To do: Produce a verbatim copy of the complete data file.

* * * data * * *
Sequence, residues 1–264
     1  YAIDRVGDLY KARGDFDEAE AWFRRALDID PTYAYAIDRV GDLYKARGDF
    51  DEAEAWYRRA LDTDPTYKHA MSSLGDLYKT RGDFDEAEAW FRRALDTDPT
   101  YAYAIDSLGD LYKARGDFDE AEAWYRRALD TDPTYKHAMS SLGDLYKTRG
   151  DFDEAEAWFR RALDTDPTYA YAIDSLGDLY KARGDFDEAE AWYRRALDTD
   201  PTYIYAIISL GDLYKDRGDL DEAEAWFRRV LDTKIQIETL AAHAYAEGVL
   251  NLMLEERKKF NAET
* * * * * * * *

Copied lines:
Sequence, residues 1–264
     1  YAIDRVGDLY KARGDFDEAE AWFRRALDID PTYAYAIDRV GDLYKARGDF
    51  DEAEAWYRRA LDTDPTYKHA MSSLGDLYKT RGDFDEAEAW FRRALDTDPT
   101  YAYAIDSLGD LYKARGDFDE AEAWYRRALD TDPTYKHAMS SLGDLYKTRG
   151  DFDEAEAWFR RALDTDPTYA YAIDSLGDLY KARGDFDEAE AWYRRALDTD
   201  PTYIYAIISL GDLYKDRGDL DEAEAWFRRV LDTKIQIETL AAHAYAEGVL
   251  NLMLEERKKF NAET